// Album Recommendation




Moon Album Cover Snowbird

Fans of the unique, highly acclaimed British Dream-Pop/Shoegaze trio Cocteau Twins (who dispanded in 1996) were hoping for years that the iconic Indie band would reunite sooner or later, but all hope finally seemed extinguished when they resisted the lure of a lucrative live performance at the Coachella Festival. In recent interviews, multi-instrumentalist and songwriter Simon Raymonde confirmed the implausibility of a reunion, referring to the “complex relationship” between the other two group members, guitarist/keyboardist Robin Guthrie and lead singer Elizabeth Frazer, who used to be a couple. 

Fortunately, the end of Cocteau Twins ultimately didn’t stop Simon Raymonde from exploring soundscapes similar to those of his old band: as one member of the duo Snowbird, he finally wrote and recorded 2014’s Cocteau Twins-esque Moon –- all of Eighteen years after the last Cocteau Twins album, Milk & Kisses. And why shouldn’t he? After all, for years, on various solo outings, Robin Guthrie mined a musical territory even closer to Cocteau Twins’ signature sound.

But whereas Robin Guthrie’s recordings are instrumental, Simon Raymonde teamed up with American singer-songwriter Stephanie Dosen whose voice/soprano bears more than a passing resemblance to Cocteau Twins singer Elizabeth Frazer. Stephanie Dosen’s phrasing is more down-to-earth than Elizabeth Frazer’s decidedly more theatrical singing style –- and Snowbird’s songwriting is piano-based as opposed to Cocteau Twins reverb-drenched guitar textures -– but even so, the similarities are still quite striking, largely due to the angelic, ethereal, multi-tracked vocals that adorn these elegant and wistful songs.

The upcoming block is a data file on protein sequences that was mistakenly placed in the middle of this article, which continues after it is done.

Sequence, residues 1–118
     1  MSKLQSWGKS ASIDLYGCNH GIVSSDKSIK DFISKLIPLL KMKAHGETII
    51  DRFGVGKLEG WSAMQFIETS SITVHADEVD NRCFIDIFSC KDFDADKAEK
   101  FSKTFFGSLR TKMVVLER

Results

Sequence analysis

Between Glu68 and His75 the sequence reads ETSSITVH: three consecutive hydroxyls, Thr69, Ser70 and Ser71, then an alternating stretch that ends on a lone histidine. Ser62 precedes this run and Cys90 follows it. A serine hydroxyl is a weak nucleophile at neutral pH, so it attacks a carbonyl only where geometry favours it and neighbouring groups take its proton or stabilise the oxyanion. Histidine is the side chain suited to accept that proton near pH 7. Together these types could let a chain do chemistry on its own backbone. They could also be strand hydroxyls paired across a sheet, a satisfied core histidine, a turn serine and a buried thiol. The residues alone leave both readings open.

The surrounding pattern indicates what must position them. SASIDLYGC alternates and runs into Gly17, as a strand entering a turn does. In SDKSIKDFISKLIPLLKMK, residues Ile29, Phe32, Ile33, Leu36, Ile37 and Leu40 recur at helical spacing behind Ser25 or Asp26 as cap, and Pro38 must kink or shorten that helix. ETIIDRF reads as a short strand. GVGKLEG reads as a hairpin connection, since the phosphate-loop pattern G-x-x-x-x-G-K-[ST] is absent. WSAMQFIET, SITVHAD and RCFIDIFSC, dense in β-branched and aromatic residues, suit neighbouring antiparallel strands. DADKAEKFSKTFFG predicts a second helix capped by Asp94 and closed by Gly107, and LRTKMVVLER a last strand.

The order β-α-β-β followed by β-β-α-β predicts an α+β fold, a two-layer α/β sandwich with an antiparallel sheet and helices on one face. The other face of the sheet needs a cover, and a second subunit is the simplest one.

Moon is an apt title for a collection of songs all shrouded in a dreamlike mist, an album that exudes an air of mystery and spellbinds with its magical, hypnotizing ambience. All Wishes Are Ghosts floats on a feather-light, lilting melody, carried by subtle drums and what sounds like understated flute. Charming Birds From Trees, Amelia, and the exquisite Porcelain are all delicate, entrancing piano ballads, the latter in particular is breathtakingly beautiful and quite irresistible. The gorgeous, gently uplifting Bears On My Trail is composed in a Waltz-like time signature, and if Where Foxes Hide had been recorded by Midlake, it wouldn’t have sounded out of place on either of the band’s two latest albums, 2010’s The Courage Of Others and 2013’s Antiphon. Moon was released on Simon Raymonde’s own record label Bella Union, the home of numerous critically lauded Indie acts, some of whom appear here as guest musicians, including Jonathan Wilson, and Eric Pulido and McKenzie Smith of Midlake.

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